AmoryLovins - -’ testifying on Capitoll-lill Lovins...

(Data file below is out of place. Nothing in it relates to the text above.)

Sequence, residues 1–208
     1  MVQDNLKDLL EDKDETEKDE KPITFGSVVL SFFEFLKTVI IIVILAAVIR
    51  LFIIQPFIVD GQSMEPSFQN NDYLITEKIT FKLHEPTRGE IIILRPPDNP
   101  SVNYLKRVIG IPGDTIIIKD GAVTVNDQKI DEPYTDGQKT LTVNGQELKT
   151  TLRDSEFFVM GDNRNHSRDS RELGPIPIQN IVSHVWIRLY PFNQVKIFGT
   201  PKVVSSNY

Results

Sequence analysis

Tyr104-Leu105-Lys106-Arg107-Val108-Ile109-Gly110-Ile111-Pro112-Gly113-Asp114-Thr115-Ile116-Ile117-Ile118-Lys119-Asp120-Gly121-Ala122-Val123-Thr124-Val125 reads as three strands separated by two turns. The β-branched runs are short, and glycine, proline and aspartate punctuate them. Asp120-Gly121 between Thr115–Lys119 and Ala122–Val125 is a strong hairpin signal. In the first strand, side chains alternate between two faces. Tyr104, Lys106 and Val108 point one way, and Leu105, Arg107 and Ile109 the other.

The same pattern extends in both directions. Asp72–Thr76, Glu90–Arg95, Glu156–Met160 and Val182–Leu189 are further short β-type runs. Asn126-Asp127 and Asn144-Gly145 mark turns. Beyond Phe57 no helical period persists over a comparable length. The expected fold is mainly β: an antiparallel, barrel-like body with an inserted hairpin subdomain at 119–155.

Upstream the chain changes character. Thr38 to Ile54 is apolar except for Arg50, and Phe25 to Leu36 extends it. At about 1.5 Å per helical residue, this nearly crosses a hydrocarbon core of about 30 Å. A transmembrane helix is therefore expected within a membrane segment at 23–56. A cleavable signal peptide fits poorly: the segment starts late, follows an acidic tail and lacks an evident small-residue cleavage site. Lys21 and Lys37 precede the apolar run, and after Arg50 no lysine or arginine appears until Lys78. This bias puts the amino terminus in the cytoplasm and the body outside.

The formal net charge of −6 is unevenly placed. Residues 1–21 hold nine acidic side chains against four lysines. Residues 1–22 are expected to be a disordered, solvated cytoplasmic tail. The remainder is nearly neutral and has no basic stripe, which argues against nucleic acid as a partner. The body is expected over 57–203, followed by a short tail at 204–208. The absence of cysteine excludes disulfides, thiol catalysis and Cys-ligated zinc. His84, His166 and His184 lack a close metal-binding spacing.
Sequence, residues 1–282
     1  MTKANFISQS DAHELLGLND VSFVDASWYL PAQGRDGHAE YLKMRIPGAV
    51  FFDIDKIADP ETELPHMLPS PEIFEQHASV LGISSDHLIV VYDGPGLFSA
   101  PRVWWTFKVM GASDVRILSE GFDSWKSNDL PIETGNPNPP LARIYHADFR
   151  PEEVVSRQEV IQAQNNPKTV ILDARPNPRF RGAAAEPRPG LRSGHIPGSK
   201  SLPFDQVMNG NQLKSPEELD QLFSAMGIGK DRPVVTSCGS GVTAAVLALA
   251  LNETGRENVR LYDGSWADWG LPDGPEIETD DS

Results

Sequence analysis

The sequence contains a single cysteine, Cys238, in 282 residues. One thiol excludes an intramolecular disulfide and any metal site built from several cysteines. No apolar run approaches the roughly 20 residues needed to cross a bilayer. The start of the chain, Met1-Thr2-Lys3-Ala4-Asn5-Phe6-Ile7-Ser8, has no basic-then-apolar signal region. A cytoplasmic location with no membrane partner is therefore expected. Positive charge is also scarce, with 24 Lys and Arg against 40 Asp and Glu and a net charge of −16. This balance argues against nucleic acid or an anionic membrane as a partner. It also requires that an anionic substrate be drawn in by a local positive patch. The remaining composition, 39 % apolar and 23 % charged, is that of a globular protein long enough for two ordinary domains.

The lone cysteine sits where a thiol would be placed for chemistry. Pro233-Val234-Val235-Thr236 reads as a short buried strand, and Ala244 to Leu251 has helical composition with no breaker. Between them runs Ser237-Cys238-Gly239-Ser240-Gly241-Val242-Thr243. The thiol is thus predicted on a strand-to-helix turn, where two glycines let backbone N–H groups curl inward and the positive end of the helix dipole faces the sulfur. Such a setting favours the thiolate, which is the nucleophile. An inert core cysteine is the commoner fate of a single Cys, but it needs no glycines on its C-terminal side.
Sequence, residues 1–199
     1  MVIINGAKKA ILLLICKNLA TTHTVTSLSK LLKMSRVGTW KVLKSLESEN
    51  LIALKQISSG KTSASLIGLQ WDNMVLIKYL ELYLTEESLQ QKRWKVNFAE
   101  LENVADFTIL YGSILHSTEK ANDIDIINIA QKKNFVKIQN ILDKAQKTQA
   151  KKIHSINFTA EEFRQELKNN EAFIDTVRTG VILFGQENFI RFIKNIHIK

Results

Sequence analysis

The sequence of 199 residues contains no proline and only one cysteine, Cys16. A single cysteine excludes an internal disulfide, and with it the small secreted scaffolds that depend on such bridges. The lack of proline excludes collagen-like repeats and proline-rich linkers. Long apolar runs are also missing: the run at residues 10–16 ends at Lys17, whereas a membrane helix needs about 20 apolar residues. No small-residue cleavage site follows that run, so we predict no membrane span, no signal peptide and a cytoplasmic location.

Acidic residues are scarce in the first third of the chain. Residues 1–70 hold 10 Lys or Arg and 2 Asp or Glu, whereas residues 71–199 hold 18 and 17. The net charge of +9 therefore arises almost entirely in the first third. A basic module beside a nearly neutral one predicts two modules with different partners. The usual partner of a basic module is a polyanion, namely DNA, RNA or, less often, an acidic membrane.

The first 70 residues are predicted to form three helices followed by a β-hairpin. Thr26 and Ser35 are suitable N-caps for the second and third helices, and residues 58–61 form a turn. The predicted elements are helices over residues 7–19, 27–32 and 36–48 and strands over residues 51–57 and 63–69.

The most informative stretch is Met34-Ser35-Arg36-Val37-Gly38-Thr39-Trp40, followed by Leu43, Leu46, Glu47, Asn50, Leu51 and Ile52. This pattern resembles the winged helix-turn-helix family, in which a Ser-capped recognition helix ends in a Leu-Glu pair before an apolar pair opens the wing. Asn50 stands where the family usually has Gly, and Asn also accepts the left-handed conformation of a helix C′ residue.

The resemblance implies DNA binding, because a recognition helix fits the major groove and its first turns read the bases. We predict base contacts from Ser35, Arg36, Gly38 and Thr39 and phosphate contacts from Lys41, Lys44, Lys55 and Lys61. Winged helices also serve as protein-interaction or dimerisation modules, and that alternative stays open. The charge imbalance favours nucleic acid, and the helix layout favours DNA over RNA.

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Unformatted text preview: /,-’/ testifying on Capitoll-lill, Lovins emerged PROFILES as the demand—side management version of a rock star. Symposia were held to de— M“ bate his ideas, and critiques were pub— . lished by, among others, the physicist and Nobel Laureate Hans Bethe. (Lovins, in turn, wrote a response twice as long as Enoironmentm’tsm’r most optimistic gum. Bethe’s critique, and Bethe conceded sev- BY ELIZABETH FLOLBEKF eral points.) Thirty years later, the world faces an— and a watch other energy crisis, and Lovins still sees limitless opportunity. He maintains that ut an electromagnetic signal exactly the US. can eliminate its use of oil by the same frequency as the earth's. He is 2050, even while reducing its coal and tour in the afternoon. Built into a moun- routinely described, even by people who natural—gas consumption, enjoying un- tainside above Snowmass, Colorado, it has don‘t particularly like or admire him, as a precedented prosperity, and preserving the Arctic National Wildlife Refuge. Al— flat roof, and several “genius.” Lovins first came to national attention though Lovins was one of the first to ap- dangers of global warming, in 1976, when he was twenty-eight. In an he believes that the problem seems so daunting only be cause those studying it have got the math wrong. “Cli— mate protection, like the Hubble space telescope, has been spoiled by a sign error," he told me. Lovins is a prolific writer— of books, of articles, and of technical treatises. During my first visit with him, he informed me that he had picked out a few of the most important ones for me to take home: papers on tepics like microgeneration, “super- efficient" building practices, I and data—center design were - ' . arranged in stacks that cov- ered nearly the entire surface of a large dining-room table. necklace of turquoise beads, serves as his oil-ice and “bioshelrer,” that is supposed to preventjet lag by send- for self—guided tours weekdays ing 0 Amory Lovins's home, which also is open from nine o’clock in the morning until curved stone walls, a sets of solar panels, some of which rotate to track the angle of the sun. The build— ing’s double-paned windows g I __ _ _ _ ‘ _ are lined with a polyester ELWQ - _ l ._ film that allows visible light :- "'" H " I ' " ' ' to pass in but prevents ther— mal radiation from getting out, and the space between the panes has been filled with krypton. Although winter— time temperatures on the mountain routinely drop be- low aero, the building has no fiJInace‘, it is warmed by sunlight and by heat that has been collected in, among other places, a pond that lies between the Xerox machine and the dining room. The first time i visited, Lovins had just finished doing some laundry in his front-loaded, energv—saving washing ma— chine. lle took the damp clothes out oft-he washer tuid hung them in a little glass— ccilinged room. It was a bright blue morning, and Lovins predicted that the clothes would be ready to wear by nightfall. In the win— ter, if the sky is overcast, it can take up to two days for items like bluejeans to dry completely, but essay published in Foreign .Afihirs, he as— might be the this is no problem, he assured me, pro— serted that the United States could com— had ever met. vided one is capable of thinking more than pletely phase out its use of fossil fuels and he might be th do so not at a cost but at a profit, “We twenty-four hours in advance. stand here confronted," he wrote, quoting Lovins is a short man with a salt—and- inge of tousled Pogo, “by insurmountable opportunities.” 3 in the midst At the time, the country wa d the first en— through a hundre gallons of gasoline, which at curt preciate the ing for several hours, and as l was packing up my things to go Lovins went to check on his laundry. it was nearly dry, he reported cheerfiilly. As I was driving back down the mountain in my rental car, it occurred to me that Lovins most impractical person 1 Then it occurred to me that e only truly practical one. “I don 'r doprobi’ems, "Amory Looms says. “I do solutions. his year, Americans will consume close to four trillion kilowatt hours of electricity. In addition, We will burn d and forty—three billion CHI ICE; pepper mustache, a fr black hair, and droopy brown eyes that give him a passing resemblance to Ein- stein. He wears Coke~bottle eyeglasses, a of what might now be calle ergy crisis, and the article created a stir, 9‘4 THE NEW YOlMiEll. JANUARY 22. 2007 prices will cost us some three hundred and sixty billion dollars, and twenty—six billion gallons ot‘jet fuel, worth fifty billion dol— lars. To heat our homes and businesses this winter, we will purchase sixty-two bil- lion dollars’ worth ofnatural gas and heat— ing oil, andjust to grill our weenies we will buy some seven hundred and seventy—one million dollars' worth of charcoal bri- quettes. In 2007, total energy expenditures in the U .S. will come to more than a qua— drillion dollars, or roughly a tenth of the country’s gross domestic product. With so much at stake, basic econom~ ics suggests that any significant inefl'icien- cies should have been wrung out of the systen'i long ago. It follows that further eftorts will cost more than they will re— turn. This reasoning is pervasive in the US, its most prominent spokesman be— ing Vice-President Dick Cheney, who once dismissed energy conservation as a "sign of personal virtue.” Lovins’s fiinda— mental premise is that this fundamental premise is wrong. “You know, there’s this oldjoke about the economist who’s taking his mannerly granddaughter for a walk,” he told me. “She says, ‘Oh, Grandpa, I see a twenty- dollar bill lying in the street. May I go pick it up, please?’ He says, ‘Don’t worry, my dear. It‘it were real, somebody would have picked it up already.’ " Lovins likes to say that he takes economics “seriously, not lit— erally." In his view, the streets are littered with meow—dollar bills. Lovins makes his living as the CEO. of the Rocky Mountain Institute, a con-- suiting firm that he tounded twenty-five years ago with his more at the time, Hunter. R.l\-I.I. used to operate out of Lovins’s Snowmass home; in recent years it has outgrown these quarters—it now em— ploys more than people—and has ex— panded into new oil-ices, some in Boulder and the rest down the road from his house, in a building that once belonged to a foundation created bylohn Denver. Lov~ ins calls the firm an “entrepreneurial non— profit," and its stated goal, which he often recites word for word, is to foster “the efficient and restorative use of re— sources to make the world secure, just, prosperous. and lite—sustaining.” Some of R.i\"l.I.’s clients embrace this goal in its entirety, others at best selectively. (While I was visiting Lovins, he delivered the “edit‘ient and restorative“ spiel to a repre— sentative ofthe Singaporean government who had come to discuss manufactur- ! | ing“, her response was to giggle nervously.) ' R.M.I., for its part, does not demand commonality of purpose. In “Why We Work with the Military,” an essay posted = on R.M.l.’s Web site, Lovins rejects the ' criticism—sometimes voiced by his own employees—that by consulting for the .- Department of Defense the institute is simply helping to kill people in a more en- ergy—efhcient manner. “A molecule of oil burned or carbon dioxide released has the , same consequences no matter who used it,” he observes. Other R.M.I. clients have included San Diego Gas ScElectric, ' Royal Dutch Shell, and Anglo American I PLC, one of the world’s largest mining companies, A few years ago, Texas In— struments hired R.M.l. to help design a new chip-manufacturing plant in Rich— i ardson, Texas. It is expected to use twenty per cent less energy and thirty—five per cent less water than a typical chip factory _ of comparable size. It also cost thirty per cent less to build. “Amory doesn't take a bullying, nega- _- tive approach,” Paul Westbrook, Texas Instruments’ manager for sustainable de— velopment, told me. “Hejust says, ‘Here’s : a better way, and here’s why it works.’ : And you think, Well, we’d be kind of I dumb not to do that." One of the ways the new Texas Instruments plant will save energy is by capturing heat that normally would have been discarded as waste. ‘We implemented heat recovery, and, lo and behold, we didn’t need as many boilers," Westbrook said. A lot of Lovins’s ideas sound radical i and fiituristic—ultra—light cars made of carbon fibres, vehicles that generate elec— I tricity when they’re not on the road, an ' economy powered by hydrogen. At the same time, he is a passionate advocate of what he calls “good, old-fashioned Victo— rian engineering,” and believes that a great many problems can be solved using high~ _ school physics. (Lovins can spend hours describing the energy savings that follow . from steps as simple as increasing the di— : ameter of pipes.) This combination of ' high— and low-tech enthusiasms makes i his outlook difficult to categorize. Once, when I casually used the phrase “thinking outside the box," Lovins interrupted me. 3 “There is no box," he said. ' Perhaps R.M.I.’s most influential cli- ent these days is Wal-Mart. Just to cart around goods that it sells in its stores, the . - , it a F WESTON-E AND PAHSCJN No.5 Newbury Str'eel. Boslon, MA E32115 {61 .a‘J 955-1858 - WWW.“i'E‘FilOi'iEEirldpSi'Snfi.CDl‘li THE NEW YUlil'iEli. ' diamond. and Sapphire pussy willow brooch and pair earrings by SHOWN ACTUAL SIZE Oscar Heyman $9,500 Pair jade and baguette diamond earrings $14,500 his first JANUARY 22. 2007 Un usual Estate Jewelry (plafimrn 6. 1950-80) 35 a... company employs; some sixty-eight hun— dred trucks, which annually consume at least a hundred and “verity-five million gallons of diesel fuel. In 2005, after con- sulting with Lovins, VVal—h-“lart an~ nounced plans to double its fieet‘s fuel efiiciency over the next ten years, from an average of six and a half miles per gallon to thirteen. Already; all of the company’s trucks have been outfitted with auxiliary power units so that the driver doesn’t have to keep the engine idling just to run the air—conditioner. “in a room often people talking about why it can’t be done, Amory is the one working on the five ways to get there,” Andy Ruben, VVal—Mait’s vice—president tor corporate strategy and sustainability, told me. "l don’t do problems” is how Lovins once put it to me. "I do solutions.” LOV’iHL-i, who is fifty-nine, grew up in towns along the Eastern Seaboard; when he was a child, his family moved from Silver Spring, l\"laryland, to Elms- ford, New York, and then from Mont- clair, NewJersey, to Amherst, Massachu- setts. His father, who designed optical equipment, spent a lot oftime in his home workshop, tinkering, and in this way Lovins, too, became interested in gadgets. While he was still in high school, he built i1 nuclear Inflé’n‘leth—FCSOHHHL‘C SPCCUOITI— eter in his basement, and discovered what he calls a upeculiar and still unexplained solid—stare eliect” having to do with co- balt. When he went off to Harvard, he helped pay his way by doing consulting work in experimental physics for, among others, the Lincoln Laboratory at l\-'1.l.T. Lovins enjoyed college~~in addition to physics, he studied law, linguistics, and chemistry. But when, in his junior year, he was told he would have to complete a major he dropped out and moved to En— gland. He attended Oxford until he was once again pushed toward a prescribed course of study, at which point he quit school again. By this time—1971—Lovins had come under the influence of David Brewer, the charismatic founder ofFricnds of the Earth, and he went to work for the organization in London. One ofBritain’s largest mining companies, Rio Tinto, an~ HOUHL‘CCl ii pill” to mine for COPPCI' in ‘d Hid.— tional park in ‘Wales, and at Brower's urg- ing Lovins spent a year writing a book 36 THE NEW YOliliEli, JANUARY 22. 2007 about the park. The book, "Eryri, the Mountains of longing,” was instrumen- tal in blocking Rio Tinto’s plan. in the process of writing it, Lovins began to question the utility of his earlier research. (Today, Rio T into is a client oleVll) “it gradually occurred to me that the problems I was working on, whether they were tertiary structure ofproteins or straight physics, were interesting but not very important,” he recalled. “Even un— derstanding mitochondrial—membrane kinetics, which i briefly dabbled in, would be not nearly as important as solving basic problems ofenergy resources, envi— ronment, development, and security. Be- cause it didn‘t much matter how well we understood these other matters if we weren’t here.” Much ofLiwins's early work centered on atomic energy. He wrote a series ofpa~ pers arguing that the whole “atoms for peace” idea was misguided: there was no way to promote nuclear power without also promoting nuclear proliferation. (One of these papers spent two years under review by the U.S. government, which feared that Lovins had drami the connection between processed fuel and bombmaking a little too clearly, the paper eventually appeared in Nature) In his 19% Foreign imam article, which was ti— tled “Energy Strategy: The Road Not Takerfi,” Lovins urged that the U .5. stop exporting nuclear technology and, simul- taneously, that it phase out its own atomic— energy program. in the same piece, he warned that some of the alternatives to nuclear power were no less dangerous. At a time when the phrase “global warming” was barely in circulation, he observed: The commitment to a long—term coal economy many times the scale of today’s makes the doubling ofauiiosplieric carbon di- oxide coi‘icentration early in the next century virtually unavoidable, with the prospect then or soon thereafter of substantial and perhaps irreversible changes in global climate. Only the exact date of such changes is in question. Lovins’s opposition to both nuclear and coal—fired plants raised an obvious :0 problem. How did he expect an energy“ intensive economy like the U.S.’s to func- tion? The way out of this bind, Lovins ar- gued, was to reimagine it. People weren’t interested in energy for its own sake but, rather, for the benefits—hot showers, cold drinks, dry clothes—that it con- ferred. If Americans could get the same benefits using less energy, then they would, in effect, have found a new energy source. Meanwhile, instead of building large centralized power stations, they could gradually shift to localized sources of renewable power, like solar cells. Lovins labelled a future dominated by an ever greater number ofever larger power plants “the hard path”; the alternative he called “the soft path.” “The hard path entails serious envi- ronmental risks, many ofwhieh are poorly understood and some of which have probably not yet been thought of,” he wrote. “The soft path . . . hedges our bets. Its environmental impacts are relatively small, tractable and reversible.” Several years later, perusing a report put out by the Colorado Public Utilities Commis— sion, Lovins came upon a Inisprint: some- one had typed an “n” for an “m” in the word “megawatt.” He coined another new term: “negawatt.” A megawatt is a watt of electricity that does not have to be generated because an energy-saving mea- sure has obviated the need for it. By re— placing a scvcnty—five-wart incandescent light bulb with a fourteen-watt compact fluorescent bulb, an individual can, for example, produce sixty—one negawatts. By replacing ten incandescent bulbs with ten compact fluorescents, the individual can generate six hundred and ten nega- watts. Negawatts tend to produce more negawatts; for instance, a house lit with compact fluorescents requires less air- conditioning, since fluorescent bulbs emit a fraction of the heat ofincandescents. The same principle can be applied to all forms of energy, including oil. Lovins likes to call the United States the “Saudi Arabia of nega—bartels.” his past fall, Lovins came to Man— hattan for a conference sponsored by former President Bill Clinton. The eve- ning before the conference began, I went out to dinner with him at a Japanese res- taurant in midtown. We were ushered into a room in the back. A cone—shaped light fixture hanging from the ceiling cast a pallid gleam onto the table. A few feet away, a row ofrecessed lights threw circles ofbrightness onto nothing in particular. “This is what happens if your lighting is designed by electricians," Lovins told me, glancing around. ‘Vv’ho wants spots of light on the carpet?" He noted that all the bulbs were incandescents, and that the bulb hanging over the table was on a dim- mer, which further reduced its already minimal efficiency. Lovins estimated that a better-designed system could cut the restaurant’s lighting costs by eighty per cent. 'There’s upwards ofa hundred giant power plants to be saved by proper light- ing systems,” he observed, before turning his attention to the sushi menu. To spend time with Lovins is to see the world as one long string of bad deci— sions. Waste and profligacy are every- where: in inefficient lights, heat—leaking windows, gas~guaaling trucks, poorly de— signed eateries. it's not that people are stu— pid, exactly. It’s that their intelligence is limited. When they make decisions, they tend to worry only about their own self— interest, which they see in such narrow terms that they miss the larger opportuni— ties all around. Take, for example, the electrical sys- tem of an average office building. “If we were to dig into the ceiling ofmost of- fices where the wiring is for the lighting, we’d probably find that the wire size was specced by the low-bid electrician to meet the National Electrical Code,” Lovins told me. "The code says you need wire so fat for so much current. Well, it turns out that wire-size code is meant to prevent fires. What would be economically opti- mal in terms of resistance losses would be wire twice as fat, which means four times as much copper. Now, the electrician isn’t going to pay your electric bills, right? If you had such an altruistic electrician that they were willing to put in four times as 1113.11}! pounds of copper to get you a DUC— year payback on your electric bills, they wouldn't get thejob, because theywouldn’t be the lowebid electrician anymore." The problem here is what’s known as a split incentive, but might better be called a mis~incentive If the parties figured out how to diwy up the savings, they could both make money, but, because ofin— grained habits, or a lack ofcreativity, these savings are never realized. “Let me give you a specific case— a nvo—hundred-thousand—square-foot “COMM we up tile dosage? Irtfll bawfi'eftngr.” curtain—wall office tower near Chicago," Lovins said. “Chicago is cold in the win- ter and hOt in the summer, and this was a very uncomfortable building all year round. in the winter, it had frost growing on the walls. The window seals were start— ing to fail, because they were twenty years old, so they were going to have to rcglaze the whole glass curtain wall. Normally, you would put in the same glass that's al- ready there, which in this case was dark, double—bronze, heat—absorbing glass with a gray film. It let in nine per cent of the light, so the place was as gloomy as a cave. We designed a super—window that would let in nearly six times as much visible light but a tenth less unwanted heat. It cost an extra seventy—eight cents per square foot of glass. If you combined those super- windows with retrofits that bounced the daylight all the way through the floor plate and with very efficient lights and lighting controls and office equipment, you could cut the peak cooling load on the hottest afternoon more than fourfold. That meant that instead ofjust renovat- ing the big old air-conditioning system you could replace it with one that’s four times smaller, And that would cost two hundred thousand bucks less, and tha...